Article

Human eastern equine encephalitis in Massachusetts: Predictive indicators from mosquitoes collected at 10 long-term trap sites, 1979-2004

State Laboratory Institute, Massachusetts Department of Public Health, Boston, Massachusetts 02130, USA.
The American journal of tropical medicine and hygiene (Impact Factor: 2.7). 03/2007; 76(2):285-92.
Source: PubMed

ABSTRACT

Human eastern equine encephalitis (EEE) is a life-threatening mosquito-borne disease. To determine whether mosquito abundance and EEE virus infection rates are associated with human EEE disease, we evaluated retrospectively a total of 592,637 mosquitoes and onset dates for 20 confirmed human cases over 26 years in Massachusetts. Annual Culiseta melanura populations at 10 defined sites decreased over the study period (P = 0.002). Weekly infection rates and number of infected Culiseta melanura captured per trap night were positively associated EEE cases (P < 0.023 and P < 0.001, respectively), whereas abundance was not (P = 0.077). The infection rate for Culiseta melanura of 0.39 per 1,000 tested mosquitoes identified human cases with a sensitivity of 0.87, a specificity of 0.82, a positive predictive value of 0.14, and a negative predictive value of 0.995. Timely mosquito testing and infection rate calculation are critical for disease risk estimation and outbreak control efforts.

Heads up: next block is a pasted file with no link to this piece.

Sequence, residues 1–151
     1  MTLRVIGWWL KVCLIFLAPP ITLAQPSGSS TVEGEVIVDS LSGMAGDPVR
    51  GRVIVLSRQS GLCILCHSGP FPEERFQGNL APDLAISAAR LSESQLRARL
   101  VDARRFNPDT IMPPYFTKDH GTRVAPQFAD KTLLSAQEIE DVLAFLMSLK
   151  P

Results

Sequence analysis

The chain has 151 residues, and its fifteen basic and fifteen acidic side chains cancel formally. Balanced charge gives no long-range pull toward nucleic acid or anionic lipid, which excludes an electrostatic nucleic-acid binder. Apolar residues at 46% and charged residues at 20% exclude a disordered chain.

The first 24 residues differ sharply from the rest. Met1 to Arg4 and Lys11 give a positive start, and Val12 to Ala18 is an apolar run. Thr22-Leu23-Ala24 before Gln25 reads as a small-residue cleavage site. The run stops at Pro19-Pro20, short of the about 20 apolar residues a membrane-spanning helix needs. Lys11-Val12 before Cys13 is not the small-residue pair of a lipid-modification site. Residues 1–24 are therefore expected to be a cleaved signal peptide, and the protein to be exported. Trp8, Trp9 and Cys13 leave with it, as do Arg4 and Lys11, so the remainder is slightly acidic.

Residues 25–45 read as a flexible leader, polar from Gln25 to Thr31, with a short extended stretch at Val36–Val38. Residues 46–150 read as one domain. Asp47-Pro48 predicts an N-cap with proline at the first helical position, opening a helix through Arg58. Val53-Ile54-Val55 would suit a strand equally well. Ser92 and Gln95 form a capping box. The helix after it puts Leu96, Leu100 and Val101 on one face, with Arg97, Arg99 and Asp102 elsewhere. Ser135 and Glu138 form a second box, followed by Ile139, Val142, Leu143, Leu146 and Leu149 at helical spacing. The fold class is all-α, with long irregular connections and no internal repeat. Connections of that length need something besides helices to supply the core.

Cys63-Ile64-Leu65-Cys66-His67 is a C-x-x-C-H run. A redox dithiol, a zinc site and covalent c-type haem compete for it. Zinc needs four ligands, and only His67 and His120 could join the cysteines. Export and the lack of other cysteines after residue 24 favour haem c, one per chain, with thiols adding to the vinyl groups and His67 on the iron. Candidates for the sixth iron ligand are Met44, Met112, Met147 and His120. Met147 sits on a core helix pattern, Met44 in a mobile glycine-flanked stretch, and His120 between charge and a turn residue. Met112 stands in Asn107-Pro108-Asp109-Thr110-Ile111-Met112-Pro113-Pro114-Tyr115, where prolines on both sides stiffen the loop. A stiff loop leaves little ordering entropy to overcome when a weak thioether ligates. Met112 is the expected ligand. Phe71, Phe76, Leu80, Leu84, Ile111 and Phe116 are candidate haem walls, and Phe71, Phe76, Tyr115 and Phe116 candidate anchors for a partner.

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    • "Drainage has, particularly in the past, also been used as a source reduction technique for mosquito management. However the research also showed effects such as raised water tables following harvest in some situations, for Wetlands Ecol Manage (2008) 16:255–276 265 example in Cypress and other forested swamps and, incidentally, a habitat of Culiseta melanura (Hachiya et al. 2007). These are very relevent to the creation of, or increase in, mosquito larval habitats, although not surprisingly this is not mentioned in specifically forest-focussed research. "
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